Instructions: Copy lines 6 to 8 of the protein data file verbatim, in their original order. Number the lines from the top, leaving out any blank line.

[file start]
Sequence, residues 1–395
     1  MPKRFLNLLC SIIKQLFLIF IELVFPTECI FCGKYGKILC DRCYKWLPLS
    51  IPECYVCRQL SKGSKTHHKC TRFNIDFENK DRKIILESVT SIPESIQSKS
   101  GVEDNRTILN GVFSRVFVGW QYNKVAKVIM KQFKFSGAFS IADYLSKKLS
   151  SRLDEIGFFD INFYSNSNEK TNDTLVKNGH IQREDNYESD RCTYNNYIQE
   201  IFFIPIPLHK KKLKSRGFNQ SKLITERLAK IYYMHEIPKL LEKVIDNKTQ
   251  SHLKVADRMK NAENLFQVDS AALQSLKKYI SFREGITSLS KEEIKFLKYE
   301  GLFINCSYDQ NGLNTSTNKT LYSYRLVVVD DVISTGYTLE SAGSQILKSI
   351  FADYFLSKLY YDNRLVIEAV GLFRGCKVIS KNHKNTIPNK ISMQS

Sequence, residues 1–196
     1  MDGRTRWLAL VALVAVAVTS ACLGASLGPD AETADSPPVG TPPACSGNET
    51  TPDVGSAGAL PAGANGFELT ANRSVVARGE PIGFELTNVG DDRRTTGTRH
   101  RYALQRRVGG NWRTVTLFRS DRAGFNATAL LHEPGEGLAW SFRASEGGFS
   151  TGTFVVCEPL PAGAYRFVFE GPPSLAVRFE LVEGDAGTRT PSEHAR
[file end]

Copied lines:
   201  IFFIPIPLHK KKLKSRGFNQ SKLITERLAK IYYMHEIPKL LEKVIDNKTQ
   251  SHLKVADRMK NAENLFQVDS AALQSLKKYI SFREGITSLS KEEIKFLKYE
   301  GLFINCSYDQ NGLNTSTNKT LYSYRLVVVD DVISTGYTLE SAGSQILKSI